GLADSTONE, MO. — John Dick, founder and chief executive officer of CivicScience, foresees three areas that will impact the rate that people will return to restaurants. They are consumer confidence; personal and physical proximity to the coronavirus (COVID-19), which includes knowing somebody who has the virus; and political tribalism, which includes what cable news network people watch.

Tribalism might be the biggest factor, he said in a May 8 webinar organized by the Center for Food Integrity. Rural conservatives appear more likely to return to restaurants quicker than urban liberals, according to CivicScience data.

“It does not matter what the governments say clearly as much as it matters what consumers say,” Dick said. “The consumer is going to have way more influence on the speed of the recovery and the opening of our economy than any governor or mayor or the president is going to have.”

Pittsburgh-based CivicScience gathers surveys of US consumers every day through polling applications embedded in the content of partner websites like Microsoft, BuzzFeed and Univision.

CivicScience gathered data from 10,962 responses from April 15-22. When asked how they would respond if a state/local government issued a notice to go back to normal activities to prevent further negative impact on the economy, 38% said they would resume some normal activities and 30% said they would remain in quarantine. Other responses were resume all normal activities at 15%, resume most normal activities at 10% and not sure yet at 8%.

CivicScience in data gathered from 39,126 responses from March 26 to April 23 divided responses into three categories: strong Democrat/lean Democrat, independent/other and strong Republican/lean Republican. When asked the same question about resuming normal activities once a state or local government permitted them, 52% of Republicans said they would resume all normal activities, which compared to 29% for independents and 19% for Democrats. The percentage of people who said they would remain in quarantine were 53% for Democrats, 31% for independents and 15% for Republicans.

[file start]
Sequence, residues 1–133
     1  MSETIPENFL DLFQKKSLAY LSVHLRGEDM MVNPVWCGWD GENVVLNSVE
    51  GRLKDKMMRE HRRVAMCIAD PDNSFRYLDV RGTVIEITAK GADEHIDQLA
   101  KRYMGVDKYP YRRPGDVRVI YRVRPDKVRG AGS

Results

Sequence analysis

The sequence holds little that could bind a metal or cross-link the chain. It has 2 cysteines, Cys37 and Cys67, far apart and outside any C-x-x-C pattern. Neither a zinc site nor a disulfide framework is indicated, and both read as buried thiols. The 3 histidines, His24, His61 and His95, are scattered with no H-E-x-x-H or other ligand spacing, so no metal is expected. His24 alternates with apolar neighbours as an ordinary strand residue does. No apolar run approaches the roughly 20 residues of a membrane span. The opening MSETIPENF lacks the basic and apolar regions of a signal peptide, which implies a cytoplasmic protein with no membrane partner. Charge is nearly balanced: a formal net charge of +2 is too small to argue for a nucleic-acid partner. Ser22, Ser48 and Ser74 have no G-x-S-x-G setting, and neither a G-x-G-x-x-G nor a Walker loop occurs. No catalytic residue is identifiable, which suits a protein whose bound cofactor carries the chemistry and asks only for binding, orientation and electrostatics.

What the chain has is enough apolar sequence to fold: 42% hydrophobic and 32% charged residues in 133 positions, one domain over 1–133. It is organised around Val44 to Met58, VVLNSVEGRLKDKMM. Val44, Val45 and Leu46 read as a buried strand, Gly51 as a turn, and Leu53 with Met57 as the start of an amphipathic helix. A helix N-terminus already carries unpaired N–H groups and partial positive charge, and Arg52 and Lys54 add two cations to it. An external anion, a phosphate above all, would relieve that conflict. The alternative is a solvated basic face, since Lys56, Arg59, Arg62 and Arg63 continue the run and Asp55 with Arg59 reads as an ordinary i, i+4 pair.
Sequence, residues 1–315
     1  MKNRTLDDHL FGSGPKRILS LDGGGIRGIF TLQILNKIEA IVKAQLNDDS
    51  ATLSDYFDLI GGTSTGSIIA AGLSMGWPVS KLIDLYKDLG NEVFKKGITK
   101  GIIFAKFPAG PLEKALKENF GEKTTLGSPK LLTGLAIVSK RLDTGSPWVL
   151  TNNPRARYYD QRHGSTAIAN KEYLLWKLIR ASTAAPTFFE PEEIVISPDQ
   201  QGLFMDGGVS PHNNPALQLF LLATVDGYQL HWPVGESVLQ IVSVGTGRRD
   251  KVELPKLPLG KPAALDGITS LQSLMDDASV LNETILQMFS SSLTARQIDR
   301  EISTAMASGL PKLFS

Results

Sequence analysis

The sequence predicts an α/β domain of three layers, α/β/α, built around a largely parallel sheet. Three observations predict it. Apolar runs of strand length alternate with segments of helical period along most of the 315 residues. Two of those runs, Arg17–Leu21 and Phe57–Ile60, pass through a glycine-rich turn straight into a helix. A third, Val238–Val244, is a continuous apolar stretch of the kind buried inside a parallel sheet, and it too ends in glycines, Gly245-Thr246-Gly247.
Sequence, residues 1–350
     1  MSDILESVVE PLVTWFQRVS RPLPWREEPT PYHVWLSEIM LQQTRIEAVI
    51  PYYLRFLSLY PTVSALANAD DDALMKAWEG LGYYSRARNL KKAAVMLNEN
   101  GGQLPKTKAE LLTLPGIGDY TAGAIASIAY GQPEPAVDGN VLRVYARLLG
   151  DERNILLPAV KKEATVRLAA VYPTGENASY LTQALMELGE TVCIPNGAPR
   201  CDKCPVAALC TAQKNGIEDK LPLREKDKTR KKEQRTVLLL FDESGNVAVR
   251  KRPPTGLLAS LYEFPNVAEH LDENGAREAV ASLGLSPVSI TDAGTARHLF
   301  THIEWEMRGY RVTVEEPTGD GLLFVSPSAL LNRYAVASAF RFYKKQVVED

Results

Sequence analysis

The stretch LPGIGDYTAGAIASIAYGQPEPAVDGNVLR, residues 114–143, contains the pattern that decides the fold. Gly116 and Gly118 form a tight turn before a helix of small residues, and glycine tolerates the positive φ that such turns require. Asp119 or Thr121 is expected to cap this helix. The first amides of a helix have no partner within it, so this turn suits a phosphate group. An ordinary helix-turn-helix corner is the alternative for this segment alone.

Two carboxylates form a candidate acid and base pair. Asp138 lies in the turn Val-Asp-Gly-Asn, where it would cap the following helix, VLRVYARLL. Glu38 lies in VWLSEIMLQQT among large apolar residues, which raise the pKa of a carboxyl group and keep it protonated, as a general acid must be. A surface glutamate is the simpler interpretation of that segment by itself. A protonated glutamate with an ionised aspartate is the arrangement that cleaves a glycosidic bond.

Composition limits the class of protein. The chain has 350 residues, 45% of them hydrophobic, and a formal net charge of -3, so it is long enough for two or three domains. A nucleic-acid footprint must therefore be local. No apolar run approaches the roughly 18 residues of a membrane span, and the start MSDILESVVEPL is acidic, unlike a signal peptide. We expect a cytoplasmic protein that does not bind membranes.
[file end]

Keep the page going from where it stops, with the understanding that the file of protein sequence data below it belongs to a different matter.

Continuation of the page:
Consumer confidence, which dove in mid-March, has experienced a small bounce over the past couple of weeks thanks to the government stimulus and unemployment benefits, Dick said.

Thirty-one percent of Americans know someone who was diagnosed with COVID-19, according to CivicScience data generated from 11,291 respondents from May 1-8. The percentages were higher for urban areas, including New York City at nearly 60%.

“That is going to have a significant impact on how people feel about this virus,” Dick said. “Obviously, rural areas are going to be places where you find fewer people who know others with the virus.”

Susan Schwallie, executive director of food and beverage consumption for the NPD Group, a market research and consumer insights company, also spoke in the webinar.

She said US restaurant transactions declined 26% in the week ended May 8 when compared to the same week in the previous year. The percentages continue to improve. The declines were 43% for the week ended April 12, 36% for the week ended April 19 and 32% for the week ended April 26.

As states like Georgia loosen restrictions, more restaurants will begin in-house dining instead of relying solely on drive-thru and delivery. Restaurant owners will have to decide whether opening at 25% to 50% of the previous capacity will be profitable, Schwallie said.